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prehistoric art for art's sake

Post #88 • August 21, 2003, 6:40 PM

I’m fairly well-read when it comes to visual art. My daily reading, I must confess, though, does not include the freaking Japan Times. Douglas McLennan’s does, and thanks to his ArtsJournal, I found a fascinating article about a new monograph on prehistoric art by Randall White. Well worth a read.

I want to quibble with one thing, though:

However we define “art”—as painting, representation, symbolic behavior, or simply as activity with no obvious utilitarian purpose—we cannot attempt to understand it without reference to its cultural context. It is necessary, cautions White, that “we get away from the 19th- and 20th-century notion that somehow art exists as a universal urge on the part of humans, independent of social, cultural and environmental factors.”

It’s hard to tell precisely what’s being discounted here – the ‘universal urge’ part, or the ‘independent of social, cultural and environmental factors’ part, or both. In any case, this sounds awfully postmodernist.

We surmise from studying modern hunter-gatherer societies that the ancient ones probably had a four-hour workday, leaving about twelve hours for non-work activities: rest, play, ritual, contemplation, biologically unnecessary sex, experimentation with physical materials, perhaps even music. Our oldest examples of art predate our oldest examples of writing. It stands to reason that some kind of representational activity has been in effect for a long time, and at least some of it was for fun. Why not? These highly social creatures had twelve hours a day to goof off. Why not get drunk on whatever horrible fermented product you’ve got around and have a bison-painting contest?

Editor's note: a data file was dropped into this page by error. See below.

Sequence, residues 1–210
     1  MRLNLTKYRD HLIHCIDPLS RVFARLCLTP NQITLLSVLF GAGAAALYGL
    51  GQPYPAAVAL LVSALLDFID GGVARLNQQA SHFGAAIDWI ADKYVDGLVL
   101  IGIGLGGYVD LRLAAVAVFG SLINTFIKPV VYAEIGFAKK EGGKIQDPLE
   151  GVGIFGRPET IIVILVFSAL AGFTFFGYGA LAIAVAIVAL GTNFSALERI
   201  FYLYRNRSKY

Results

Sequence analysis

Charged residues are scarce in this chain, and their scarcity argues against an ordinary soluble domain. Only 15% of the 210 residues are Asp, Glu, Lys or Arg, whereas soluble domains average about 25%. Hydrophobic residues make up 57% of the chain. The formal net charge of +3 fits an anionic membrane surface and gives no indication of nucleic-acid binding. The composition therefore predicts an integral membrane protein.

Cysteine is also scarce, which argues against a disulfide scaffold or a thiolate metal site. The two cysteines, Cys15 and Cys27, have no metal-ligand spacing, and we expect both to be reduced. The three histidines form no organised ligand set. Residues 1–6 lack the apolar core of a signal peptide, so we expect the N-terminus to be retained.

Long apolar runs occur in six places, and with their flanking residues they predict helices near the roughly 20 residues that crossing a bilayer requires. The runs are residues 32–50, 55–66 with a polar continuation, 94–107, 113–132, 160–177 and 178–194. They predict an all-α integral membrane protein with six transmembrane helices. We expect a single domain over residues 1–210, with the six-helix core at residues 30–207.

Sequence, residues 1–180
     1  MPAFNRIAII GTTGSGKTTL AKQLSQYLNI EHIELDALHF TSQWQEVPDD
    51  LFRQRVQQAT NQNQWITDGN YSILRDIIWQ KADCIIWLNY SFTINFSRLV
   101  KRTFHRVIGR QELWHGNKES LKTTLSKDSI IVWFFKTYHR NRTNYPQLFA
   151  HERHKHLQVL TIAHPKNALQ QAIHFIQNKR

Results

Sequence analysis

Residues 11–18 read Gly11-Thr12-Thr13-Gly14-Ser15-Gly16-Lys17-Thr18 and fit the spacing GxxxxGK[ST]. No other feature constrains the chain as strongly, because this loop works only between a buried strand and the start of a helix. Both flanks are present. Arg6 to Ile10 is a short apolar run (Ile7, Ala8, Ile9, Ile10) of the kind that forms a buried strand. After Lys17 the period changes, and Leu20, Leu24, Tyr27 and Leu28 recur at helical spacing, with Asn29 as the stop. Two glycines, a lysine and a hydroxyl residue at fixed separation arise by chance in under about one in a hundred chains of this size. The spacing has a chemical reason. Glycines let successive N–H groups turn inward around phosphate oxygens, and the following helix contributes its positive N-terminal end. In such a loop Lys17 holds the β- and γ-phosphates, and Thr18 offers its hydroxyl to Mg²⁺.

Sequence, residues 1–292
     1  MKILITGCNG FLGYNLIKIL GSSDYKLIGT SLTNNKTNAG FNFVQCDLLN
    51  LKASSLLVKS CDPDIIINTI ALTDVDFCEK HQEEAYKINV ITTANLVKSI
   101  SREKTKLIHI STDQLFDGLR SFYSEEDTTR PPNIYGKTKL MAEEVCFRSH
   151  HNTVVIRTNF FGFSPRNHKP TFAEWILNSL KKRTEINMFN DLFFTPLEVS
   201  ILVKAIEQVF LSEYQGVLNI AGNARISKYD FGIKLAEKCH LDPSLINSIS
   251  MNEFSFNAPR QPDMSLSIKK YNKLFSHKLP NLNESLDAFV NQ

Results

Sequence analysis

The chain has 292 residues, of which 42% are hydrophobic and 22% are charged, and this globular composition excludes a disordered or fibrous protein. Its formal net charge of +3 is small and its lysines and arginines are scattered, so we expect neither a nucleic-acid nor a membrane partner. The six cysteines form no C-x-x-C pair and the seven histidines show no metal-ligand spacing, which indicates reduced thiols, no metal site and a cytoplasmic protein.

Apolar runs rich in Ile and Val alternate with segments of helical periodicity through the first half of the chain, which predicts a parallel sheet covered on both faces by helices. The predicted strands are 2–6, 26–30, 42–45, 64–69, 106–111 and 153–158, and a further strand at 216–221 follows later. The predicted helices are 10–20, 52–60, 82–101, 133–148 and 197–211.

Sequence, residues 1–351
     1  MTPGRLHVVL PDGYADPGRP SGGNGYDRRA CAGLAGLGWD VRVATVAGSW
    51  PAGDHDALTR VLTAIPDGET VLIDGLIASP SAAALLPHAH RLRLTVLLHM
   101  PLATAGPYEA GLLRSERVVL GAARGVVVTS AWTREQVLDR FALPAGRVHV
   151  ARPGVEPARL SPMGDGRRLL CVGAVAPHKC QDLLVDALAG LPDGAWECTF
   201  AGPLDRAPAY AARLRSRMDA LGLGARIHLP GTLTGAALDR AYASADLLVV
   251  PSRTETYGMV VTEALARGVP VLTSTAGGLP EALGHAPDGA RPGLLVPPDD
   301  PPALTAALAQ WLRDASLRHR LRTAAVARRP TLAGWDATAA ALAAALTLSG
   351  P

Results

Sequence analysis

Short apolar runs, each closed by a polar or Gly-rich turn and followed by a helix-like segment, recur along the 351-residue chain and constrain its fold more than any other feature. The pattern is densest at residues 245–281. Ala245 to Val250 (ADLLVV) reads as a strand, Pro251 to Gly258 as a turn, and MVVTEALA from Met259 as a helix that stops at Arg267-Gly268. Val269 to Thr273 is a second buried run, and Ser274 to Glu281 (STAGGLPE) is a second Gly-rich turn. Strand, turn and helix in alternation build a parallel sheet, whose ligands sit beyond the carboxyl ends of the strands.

Or, you’re a happening prehistoric kind of guy, the food has been found for the day, you’re bored with throwing rocks in the stream, and you notice an oddly shaped chunk of stone that makes you say to yourself, “You know, that would look just like a horse if you knocked off a couple of bits,” and you try it. If someone thinks these ideas are impossible, I want them to demonstrate why.

I teach ancient art history to college students, and the textbook goes through a whole song and dance about how ancient art probably served a religious function, which is unprovable. I respond to this by saying that one day, about five millenia from now, archeologists are going to unearth the Orange Bowl and conclude that 20th Century humans in the southeastern tip of North America gathered in huge numbers to worship in a mysterious Cult of the Dolphin. “Religious function” is an art history euphemism for “we don’t know what the hell this thing was for.”

The underlying paradigm is a fear of non-utility.

As much as they may touch us, wall paintings and figurines are not definitive proof of the presence of a modern human sensibility. Instead, they belong to an array of social and economic developments that collectively signpost our ancestors’ progress along the path toward behavioral and cognitive sophistication.

See? If we could get money and government in on this, that would prove a modern human sensibility. The ability to make paintings that touch us, in itself, does not.

I don’t buy it. Why is it more scientific to assume that others are unlike us than to assume that they are like us? Would the paintings touch us if they were not made by something with human qualities?




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